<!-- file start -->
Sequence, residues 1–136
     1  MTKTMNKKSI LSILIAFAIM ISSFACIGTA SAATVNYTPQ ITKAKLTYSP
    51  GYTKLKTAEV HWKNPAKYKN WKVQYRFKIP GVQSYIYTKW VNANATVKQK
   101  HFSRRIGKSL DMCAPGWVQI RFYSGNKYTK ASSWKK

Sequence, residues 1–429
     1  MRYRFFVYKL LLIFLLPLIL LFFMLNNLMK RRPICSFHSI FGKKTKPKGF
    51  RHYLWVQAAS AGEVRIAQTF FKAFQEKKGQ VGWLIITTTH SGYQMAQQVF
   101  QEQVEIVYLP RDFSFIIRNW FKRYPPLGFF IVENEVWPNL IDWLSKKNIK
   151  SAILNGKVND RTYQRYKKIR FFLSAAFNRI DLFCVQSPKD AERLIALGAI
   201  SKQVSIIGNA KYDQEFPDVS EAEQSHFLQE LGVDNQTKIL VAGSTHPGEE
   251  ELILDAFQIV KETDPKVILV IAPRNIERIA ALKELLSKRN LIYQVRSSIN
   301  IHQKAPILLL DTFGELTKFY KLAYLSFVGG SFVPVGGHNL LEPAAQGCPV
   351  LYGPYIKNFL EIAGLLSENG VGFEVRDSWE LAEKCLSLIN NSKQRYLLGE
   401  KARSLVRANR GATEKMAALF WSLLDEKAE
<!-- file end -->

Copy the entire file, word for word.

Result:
Sequence, residues 1–136
     1  MTKTMNKKSI LSILIAFAIM ISSFACIGTA SAATVNYTPQ ITKAKLTYSP
    51  GYTKLKTAEV HWKNPAKYKN WKVQYRFKIP GVQSYIYTKW VNANATVKQK
   101  HFSRRIGKSL DMCAPGWVQI RFYSGNKYTK ASSWKK

Sequence, residues 1–429
     1  MRYRFFVYKL LLIFLLPLIL LFFMLNNLMK RRPICSFHSI FGKKTKPKGF
    51  RHYLWVQAAS AGEVRIAQTF FKAFQEKKGQ VGWLIITTTH SGYQMAQQVF
   101  QEQVEIVYLP RDFSFIIRNW FKRYPPLGFF IVENEVWPNL IDWLSKKNIK
   151  SAILNGKVND RTYQRYKKIR FFLSAAFNRI DLFCVQSPKD AERLIALGAI
   201  SKQVSIIGNA KYDQEFPDVS EAEQSHFLQE LGVDNQTKIL VAGSTHPGEE
   251  ELILDAFQIV KETDPKVILV IAPRNIERIA ALKELLSKRN LIYQVRSSIN
   301  IHQKAPILLL DTFGELTKFY KLAYLSFVGG SFVPVGGHNL LEPAAQGCPV
   351  LYGPYIKNFL EIAGLLSENG VGFEVRDSWE LAEKCLSLIN NSKQRYLLGE
   401  KARSLVRANR GATEKMAALF WSLLDEKAE